In 1934, the first publicly available videodisc was released. Advertised in Television magazine and sold through Selfridges, the disc, by the 'Major Radiovision Company', was sold in quite large numbers. It was in fact a 10in, double-sided 78-rpm test disc with 11 cartoon-like test images and one test pattern, designed to help 'lookers in' to adjust their Televisors. Viewers would hook up their record player to the Televisor's audio input and presumably synchronise the images by hand, there being no sync signals on the disc. It has been suggested that you would use the test disc to 'warm up' your Televisor before broadcasts came on the air, then switch over to the medium wave receiver and adjust the set to gain a synchronised image instead of starting from scratch at the beginning of a broadcast.

Eleven additional private off-air disc recordings of television broadcasts (The 'Marcus Games discs') from the period 1932-35 also exist and have been restored by Mr McLean. Television programmes were not to be recorded directly again for another twenty years.

Near the end of WWII, British radio monitoring stations had been bemused to hear Hitler making speeches in several different cities sufficiently close together in time that he could hardly have made the journey himself, and they suspected recordings were being used, but they were audio recordings of a much higher quality than was generally believed possible from the disc recording systems of the time. As the Allies pushed across Germany, they discovered several sound recording machines using paper tape coated with a black iron oxide - magnetic tape - but their recording quality was limited. However, American soldiers were informed that a radio station in Frankfurt had rather different Magnetophon machines with an extra piece of electronics on them. On examination, it turned out that these were AC-biased machines that offered far higher quality than the previous DC-biased recorders ('biasing' is a method of making the tape work with lower distortion). It's generally believed that two of these machines, and tape to use on them, were brought to the US after the war by Jack Mullin. He demonstrated the recording system to singer Bing Crosby who, impressed, helped with funding and led to the setting up of the Ampex Corporation and the launch of its first audio recorder, the Model 200, which was first used on the air in 1948.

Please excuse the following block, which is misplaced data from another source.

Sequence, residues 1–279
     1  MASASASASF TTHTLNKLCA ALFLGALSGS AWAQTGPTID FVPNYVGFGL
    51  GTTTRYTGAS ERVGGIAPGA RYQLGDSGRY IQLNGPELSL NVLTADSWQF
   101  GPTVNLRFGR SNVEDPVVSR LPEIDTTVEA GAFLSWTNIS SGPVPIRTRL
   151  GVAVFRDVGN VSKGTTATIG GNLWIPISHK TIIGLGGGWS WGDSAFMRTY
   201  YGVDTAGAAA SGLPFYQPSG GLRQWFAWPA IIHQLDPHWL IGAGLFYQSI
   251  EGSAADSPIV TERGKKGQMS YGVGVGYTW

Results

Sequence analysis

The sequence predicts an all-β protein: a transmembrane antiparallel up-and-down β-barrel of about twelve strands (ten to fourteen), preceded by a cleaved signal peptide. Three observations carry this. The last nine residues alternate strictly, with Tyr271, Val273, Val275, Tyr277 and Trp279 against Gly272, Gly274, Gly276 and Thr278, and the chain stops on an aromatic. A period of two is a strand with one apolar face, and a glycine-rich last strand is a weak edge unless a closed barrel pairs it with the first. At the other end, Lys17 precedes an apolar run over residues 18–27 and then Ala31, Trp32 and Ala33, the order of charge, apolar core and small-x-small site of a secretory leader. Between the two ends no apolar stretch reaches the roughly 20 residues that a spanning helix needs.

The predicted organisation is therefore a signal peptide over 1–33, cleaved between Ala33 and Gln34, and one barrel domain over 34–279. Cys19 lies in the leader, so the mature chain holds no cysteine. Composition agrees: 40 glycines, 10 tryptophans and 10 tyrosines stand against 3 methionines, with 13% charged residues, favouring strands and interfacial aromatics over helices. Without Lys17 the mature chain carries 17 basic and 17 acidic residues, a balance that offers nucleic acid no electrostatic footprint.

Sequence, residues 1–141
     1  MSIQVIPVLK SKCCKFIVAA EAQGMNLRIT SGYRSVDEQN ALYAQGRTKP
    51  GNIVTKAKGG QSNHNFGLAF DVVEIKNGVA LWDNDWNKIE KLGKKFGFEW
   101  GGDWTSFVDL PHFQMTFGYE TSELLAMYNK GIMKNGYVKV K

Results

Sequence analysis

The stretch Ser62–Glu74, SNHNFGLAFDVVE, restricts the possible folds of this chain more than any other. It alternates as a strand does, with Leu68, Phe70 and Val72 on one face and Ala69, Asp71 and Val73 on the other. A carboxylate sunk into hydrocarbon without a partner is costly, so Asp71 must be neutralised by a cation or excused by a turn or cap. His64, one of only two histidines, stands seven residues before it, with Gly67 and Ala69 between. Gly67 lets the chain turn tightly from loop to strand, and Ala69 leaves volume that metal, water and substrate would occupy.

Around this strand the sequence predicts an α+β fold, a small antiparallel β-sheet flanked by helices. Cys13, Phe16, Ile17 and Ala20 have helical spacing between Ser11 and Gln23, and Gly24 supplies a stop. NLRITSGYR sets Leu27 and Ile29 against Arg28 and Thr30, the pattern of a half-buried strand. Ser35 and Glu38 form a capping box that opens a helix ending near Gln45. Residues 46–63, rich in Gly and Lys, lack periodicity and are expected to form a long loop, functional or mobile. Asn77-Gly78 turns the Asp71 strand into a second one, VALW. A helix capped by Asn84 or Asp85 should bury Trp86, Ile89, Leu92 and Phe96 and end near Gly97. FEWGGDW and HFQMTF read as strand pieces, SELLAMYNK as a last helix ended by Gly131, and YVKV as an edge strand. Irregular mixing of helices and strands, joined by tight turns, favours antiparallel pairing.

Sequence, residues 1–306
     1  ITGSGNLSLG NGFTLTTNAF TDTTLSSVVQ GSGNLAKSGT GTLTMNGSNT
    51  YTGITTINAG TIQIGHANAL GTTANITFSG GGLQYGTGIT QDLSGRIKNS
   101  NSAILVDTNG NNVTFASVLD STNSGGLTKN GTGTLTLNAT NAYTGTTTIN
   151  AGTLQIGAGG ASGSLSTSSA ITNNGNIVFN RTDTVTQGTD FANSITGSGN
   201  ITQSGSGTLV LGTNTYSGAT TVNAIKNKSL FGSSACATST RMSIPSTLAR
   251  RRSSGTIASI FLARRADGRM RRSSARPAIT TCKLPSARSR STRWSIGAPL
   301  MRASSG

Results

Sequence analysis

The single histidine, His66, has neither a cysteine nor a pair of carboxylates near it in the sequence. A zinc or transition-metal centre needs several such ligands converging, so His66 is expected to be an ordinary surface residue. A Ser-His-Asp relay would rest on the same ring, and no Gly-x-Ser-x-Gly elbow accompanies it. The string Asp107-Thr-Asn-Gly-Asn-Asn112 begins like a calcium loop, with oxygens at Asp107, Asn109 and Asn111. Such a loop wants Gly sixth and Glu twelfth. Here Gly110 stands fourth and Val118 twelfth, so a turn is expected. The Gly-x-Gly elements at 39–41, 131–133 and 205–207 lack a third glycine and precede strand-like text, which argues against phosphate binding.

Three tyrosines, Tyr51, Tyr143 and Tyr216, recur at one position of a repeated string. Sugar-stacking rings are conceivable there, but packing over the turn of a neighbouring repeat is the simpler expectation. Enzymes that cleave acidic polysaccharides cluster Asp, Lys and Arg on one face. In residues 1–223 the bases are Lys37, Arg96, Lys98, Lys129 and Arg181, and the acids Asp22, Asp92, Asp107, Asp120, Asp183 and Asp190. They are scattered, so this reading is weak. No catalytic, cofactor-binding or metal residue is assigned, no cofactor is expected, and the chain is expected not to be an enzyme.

At this time, as it had been since the BBC's 405-line Television Service opened in 1936, apart from films, all television was live (and the expense of film made it unusual for the production of television programmes in the UK). If a programme was to be repeated, it required a second performance. There was a way of recording television images, but only by shooting a television monitor with a specially-modified synchronised, usually 35mm, film camera. The results from the 'kinescope', as this system was called, were considered by and large acceptable (although there were significant problems with the image quality) and the process reliable, but by the 1950s in the United States, where time-shifting across the continent was a way of life - a live network show broadcast to New York had to go out three hours later on the West coast - the 35mm kinescopes of the networks and their 16mm backups ate up more film in a year than the entire Hollywood film industry: NBC is estimated to have used over a million feet a month, and the costs were astronomical, including requiring extremely rapid processing turnarounds.